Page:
Through a series of exhibitions and book discussions at the Museum of Education during the 1999- 2000 and 2000-01 academic years, we will see our books-of-the-century project come to life. Exhibits encompass an array of items material culture for each selection: a first-edition copy of the work; photographs of the author(s), as well as related correspondence; an array of book reviews and citations; accompanying publications by the author or other related works; and any other artifacts, ephemera, and documents related to the selected work. In short, the intent is more than merely presenting a roster of book titles.
Our activities are a temporally limited series of events exhibitions in the form of montage presentation. A Books of the Century catalog, available from the Museum of Education in April 2000, will compile text excerpts and summaries from our exhibitions and, as such, will serve to educate our professional community and to represent the museum’s endeavor as bibliographic collagers. The significance of our efforts, however, will be the discussion that emerges during the stroll through the exhibits namely, reflection and consideration of these works and those many others that could, justifiably, have been included.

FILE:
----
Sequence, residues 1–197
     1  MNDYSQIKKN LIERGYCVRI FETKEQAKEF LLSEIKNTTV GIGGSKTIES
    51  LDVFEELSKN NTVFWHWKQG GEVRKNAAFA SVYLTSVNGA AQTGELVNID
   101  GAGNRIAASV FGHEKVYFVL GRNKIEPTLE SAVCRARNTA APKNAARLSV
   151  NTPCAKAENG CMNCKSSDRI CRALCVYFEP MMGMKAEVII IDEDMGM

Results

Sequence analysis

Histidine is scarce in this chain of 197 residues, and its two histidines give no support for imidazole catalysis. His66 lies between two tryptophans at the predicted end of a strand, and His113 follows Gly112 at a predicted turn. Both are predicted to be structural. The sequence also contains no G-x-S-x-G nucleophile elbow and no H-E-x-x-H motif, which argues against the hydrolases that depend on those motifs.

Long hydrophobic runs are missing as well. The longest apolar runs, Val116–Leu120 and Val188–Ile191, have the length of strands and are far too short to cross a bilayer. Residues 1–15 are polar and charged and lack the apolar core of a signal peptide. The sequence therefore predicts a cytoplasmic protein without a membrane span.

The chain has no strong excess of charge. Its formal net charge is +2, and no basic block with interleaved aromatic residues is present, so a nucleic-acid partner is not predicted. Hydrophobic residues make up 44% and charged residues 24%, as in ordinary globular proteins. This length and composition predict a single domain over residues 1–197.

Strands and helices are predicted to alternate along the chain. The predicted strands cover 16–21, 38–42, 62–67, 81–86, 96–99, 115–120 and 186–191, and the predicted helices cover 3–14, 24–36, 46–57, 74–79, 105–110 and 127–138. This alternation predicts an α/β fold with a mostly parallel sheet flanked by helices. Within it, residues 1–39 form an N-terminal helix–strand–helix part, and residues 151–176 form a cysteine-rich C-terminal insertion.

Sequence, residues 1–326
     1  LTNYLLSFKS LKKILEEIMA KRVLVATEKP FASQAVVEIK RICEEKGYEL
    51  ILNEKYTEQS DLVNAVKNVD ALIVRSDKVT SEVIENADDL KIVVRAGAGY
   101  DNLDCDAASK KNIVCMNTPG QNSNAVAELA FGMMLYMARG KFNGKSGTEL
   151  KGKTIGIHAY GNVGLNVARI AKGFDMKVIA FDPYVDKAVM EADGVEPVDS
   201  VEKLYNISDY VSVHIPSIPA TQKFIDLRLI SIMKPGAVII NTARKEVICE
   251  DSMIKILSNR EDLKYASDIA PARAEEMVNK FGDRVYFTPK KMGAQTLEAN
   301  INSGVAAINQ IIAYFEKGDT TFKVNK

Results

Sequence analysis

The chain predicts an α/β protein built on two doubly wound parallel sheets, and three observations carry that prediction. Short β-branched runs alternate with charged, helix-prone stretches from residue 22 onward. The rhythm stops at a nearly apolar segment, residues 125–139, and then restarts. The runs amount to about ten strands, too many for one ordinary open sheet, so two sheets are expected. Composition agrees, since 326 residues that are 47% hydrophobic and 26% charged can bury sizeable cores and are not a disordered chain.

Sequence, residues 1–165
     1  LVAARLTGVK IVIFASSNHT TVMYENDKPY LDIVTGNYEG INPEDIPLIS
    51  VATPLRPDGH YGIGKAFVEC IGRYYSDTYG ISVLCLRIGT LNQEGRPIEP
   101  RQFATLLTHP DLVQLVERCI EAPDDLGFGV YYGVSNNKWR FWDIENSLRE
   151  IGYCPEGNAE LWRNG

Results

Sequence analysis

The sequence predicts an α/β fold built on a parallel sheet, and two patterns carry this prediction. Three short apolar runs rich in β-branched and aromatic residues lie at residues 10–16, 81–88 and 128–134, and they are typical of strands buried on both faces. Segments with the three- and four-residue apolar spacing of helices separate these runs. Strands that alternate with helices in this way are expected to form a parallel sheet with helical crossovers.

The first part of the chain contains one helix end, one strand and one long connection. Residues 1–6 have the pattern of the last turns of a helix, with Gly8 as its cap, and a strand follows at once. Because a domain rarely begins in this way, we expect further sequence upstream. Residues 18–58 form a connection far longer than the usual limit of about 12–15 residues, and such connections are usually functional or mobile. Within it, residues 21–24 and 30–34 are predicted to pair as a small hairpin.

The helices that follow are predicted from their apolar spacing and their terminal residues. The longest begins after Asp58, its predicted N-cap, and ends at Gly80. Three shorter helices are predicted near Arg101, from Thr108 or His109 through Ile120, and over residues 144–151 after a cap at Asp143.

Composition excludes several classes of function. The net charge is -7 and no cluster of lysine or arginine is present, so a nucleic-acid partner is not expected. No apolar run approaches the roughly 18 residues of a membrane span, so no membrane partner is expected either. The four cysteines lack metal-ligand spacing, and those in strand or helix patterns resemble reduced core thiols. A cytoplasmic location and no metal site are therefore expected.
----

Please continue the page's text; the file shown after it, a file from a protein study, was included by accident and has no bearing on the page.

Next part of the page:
In the introduction to Books of the Century, Charles McGrath describes the 99 bound volumes of The New York Times Book Review as a chastening and depressing catalogue of once-famous books and authors now utterly forgotten. At times, we fear the same description for this project. As you examine the exhibitions listing, many selections will stump and confuse few educators will recognize the names Willard W. Waller, Caroline B. Zachry, or Laura Zirbes. This has already occurred when we presented in-process selections to the academic community at various conferences.